THE MUSIC By the 1790s, Austrian composers had adopted a specific sound to signify the military: the music of the Turkish Janissary bands that were attached to political processions of Ottoman officials, whose nation had an adversarial history with some European courts. In Vienna, the vogue for Janissary music was in full swing already in the 1770s and ’80s. Triangle, cymbals, and bass drum were particularly associated with the “Janissary sound,” and they all figure prominently in the second and fourth movements of Haydn’s Symphony No. 100. (One early manuscript of the score suggests that a tambourine may have been used, too.) Trumpets can also have a military connotation, and Haydn does not fail to insert an authentic trumpet fanfare in the second movement of his symphony. He also employs a pair of clarinets in C in that movement; a bit more piercing than standard clarinets in A or B-flat, they were staples of military bands at the time. Usually Classical composers omitted the more forceful instruments—brass and percussion, sometimes all the winds—from their symphonic slow movements; here Haydn contradicts expectations by scaling up his orchestration and throwing the spotlight on his added forces.

We seem to be getting ahead of ourselves with these observations about the second movement before even mentioning the first. But that reflects not only the prominence the Allegretto enjoyed from the outset but also the chronology of its creation. It preceded the rest of the symphony by some years, having begun life as a movement from a concerto for two lire organizzate (Hob. VIIh:3) that Haydn wrote for the King of Naples in about 1786. (The lira organizzata was a curious hybrid of a miniature organ and a hurdy-gurdy.) For the most part, the symphony movement is an exact transcription of the earlier piece (though with extra inner parts), up to the point where Haydn adds a coda that begins with a haunting, low-pitched trumpet call. This, along with the ensuing drum-roll, must have represented the “climax of horrid sublimity” to which an early reviewer referred, although it may not strike quite the same tone of terror in listeners today.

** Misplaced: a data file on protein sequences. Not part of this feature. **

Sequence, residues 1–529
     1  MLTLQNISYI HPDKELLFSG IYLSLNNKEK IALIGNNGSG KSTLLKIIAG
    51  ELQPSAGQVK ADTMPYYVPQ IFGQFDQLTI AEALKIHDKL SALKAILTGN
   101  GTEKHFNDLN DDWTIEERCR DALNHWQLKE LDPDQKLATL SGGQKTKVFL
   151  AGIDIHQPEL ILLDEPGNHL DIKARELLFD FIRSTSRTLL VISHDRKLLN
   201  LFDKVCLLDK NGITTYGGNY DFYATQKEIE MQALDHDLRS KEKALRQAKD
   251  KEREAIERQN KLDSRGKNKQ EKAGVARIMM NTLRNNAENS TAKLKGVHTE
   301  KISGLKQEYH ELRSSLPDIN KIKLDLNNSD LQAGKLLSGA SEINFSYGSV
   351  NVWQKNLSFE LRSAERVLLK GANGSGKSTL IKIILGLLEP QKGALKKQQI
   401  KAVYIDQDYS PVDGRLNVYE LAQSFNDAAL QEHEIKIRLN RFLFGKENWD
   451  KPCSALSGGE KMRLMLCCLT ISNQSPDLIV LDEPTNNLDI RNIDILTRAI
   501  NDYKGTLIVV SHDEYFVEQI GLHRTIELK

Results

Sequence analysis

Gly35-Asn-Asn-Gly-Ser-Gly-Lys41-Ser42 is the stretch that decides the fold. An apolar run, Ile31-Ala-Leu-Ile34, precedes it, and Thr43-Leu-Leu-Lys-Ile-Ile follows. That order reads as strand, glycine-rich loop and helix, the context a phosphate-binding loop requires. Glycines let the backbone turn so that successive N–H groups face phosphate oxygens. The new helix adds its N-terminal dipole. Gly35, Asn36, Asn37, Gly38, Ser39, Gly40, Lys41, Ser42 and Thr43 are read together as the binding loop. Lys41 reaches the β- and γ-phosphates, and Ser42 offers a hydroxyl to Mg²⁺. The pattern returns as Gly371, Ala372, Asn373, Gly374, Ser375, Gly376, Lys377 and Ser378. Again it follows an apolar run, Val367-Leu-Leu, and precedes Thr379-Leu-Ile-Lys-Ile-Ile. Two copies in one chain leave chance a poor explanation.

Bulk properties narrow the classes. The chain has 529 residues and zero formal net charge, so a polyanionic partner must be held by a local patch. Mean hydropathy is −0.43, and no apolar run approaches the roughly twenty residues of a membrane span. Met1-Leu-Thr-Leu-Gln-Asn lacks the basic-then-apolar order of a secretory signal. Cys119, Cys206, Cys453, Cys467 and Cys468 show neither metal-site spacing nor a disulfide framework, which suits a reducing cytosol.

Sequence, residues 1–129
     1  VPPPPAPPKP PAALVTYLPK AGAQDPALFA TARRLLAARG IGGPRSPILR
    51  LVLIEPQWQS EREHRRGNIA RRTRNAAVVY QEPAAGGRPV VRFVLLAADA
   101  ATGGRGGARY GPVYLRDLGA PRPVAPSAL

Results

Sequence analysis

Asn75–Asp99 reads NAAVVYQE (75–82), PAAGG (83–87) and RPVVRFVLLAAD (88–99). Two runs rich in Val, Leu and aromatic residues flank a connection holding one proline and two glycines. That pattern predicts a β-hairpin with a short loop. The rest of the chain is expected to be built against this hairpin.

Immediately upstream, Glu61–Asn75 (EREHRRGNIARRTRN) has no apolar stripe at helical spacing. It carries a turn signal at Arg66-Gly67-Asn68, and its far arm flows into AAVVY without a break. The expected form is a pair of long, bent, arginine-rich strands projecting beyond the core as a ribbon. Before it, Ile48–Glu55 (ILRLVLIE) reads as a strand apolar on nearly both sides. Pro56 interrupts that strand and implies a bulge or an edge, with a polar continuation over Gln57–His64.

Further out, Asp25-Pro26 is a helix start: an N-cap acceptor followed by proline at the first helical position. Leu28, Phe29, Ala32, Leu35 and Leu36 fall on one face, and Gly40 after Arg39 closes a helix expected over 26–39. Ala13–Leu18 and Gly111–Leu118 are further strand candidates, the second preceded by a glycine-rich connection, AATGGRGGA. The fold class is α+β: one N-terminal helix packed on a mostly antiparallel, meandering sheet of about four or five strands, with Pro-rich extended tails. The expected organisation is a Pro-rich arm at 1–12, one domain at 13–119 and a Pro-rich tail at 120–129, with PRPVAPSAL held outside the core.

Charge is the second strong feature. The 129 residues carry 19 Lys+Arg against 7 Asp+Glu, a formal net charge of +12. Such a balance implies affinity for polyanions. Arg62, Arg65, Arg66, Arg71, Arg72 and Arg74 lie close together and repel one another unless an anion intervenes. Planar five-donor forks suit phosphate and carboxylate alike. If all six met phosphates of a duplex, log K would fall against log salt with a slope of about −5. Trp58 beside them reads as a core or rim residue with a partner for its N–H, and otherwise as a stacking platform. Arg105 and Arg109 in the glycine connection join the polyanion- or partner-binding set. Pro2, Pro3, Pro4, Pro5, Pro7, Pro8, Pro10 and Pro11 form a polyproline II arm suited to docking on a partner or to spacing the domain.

The rest of the symphony is no less marvelous. As had become Haydn’s habit, the first movement begins with a slow introduction that darkens in texture and harmonic complexity as it progresses. Shadows are dispersed, however, with the charming Allegro section, beginning with flutes and oboes alone, sounding almost toy-like after such an introduction. The second subject has been debated by scholars: either it did or did not serve as later inspiration for Johann Strauss I’s Radetzky March. This opening movement seems to be unrolling in a well-behaved sonata form and reaches a semi-colon on the dominant chord of D major, signaling that we are on the verge of the development section. But the development begins with a startling silence—two measures of it—and then the music picks up, rather tentatively, in the key of B-flat major. The drop of a third at that point is highly unorthodox, but anyone looking for orthodoxy in late Haydn is likely to go away disappointed. Similarly, the recapitulation is launched “just as it should be” in G major but then suddenly side-steps to E-flat major, the drop of a third mirroring the similar feint at the beginning of the development.

The “military” second movement follows, after which Haydn offers an enjoyable Minuet and Trio, the former notable for the fact that the opening eight measures are not simply repeated verbatim (as everyone would have expected), but instead are reiterated with an entirely new orchestration. Novelty lurks in the Finale, too, where the Janissary percussion instruments pay another visit (though not the clarinets). This movement was as warmly embraced as the second in its day, and within a few years its main theme gained currency as a popular dance under the title “Lord Cathcart’s Welcome Home.” —James M. Keller

LISTEN AGAIN: Colin Davis conducting the Royal Concertgebouw Orchestra (Philips)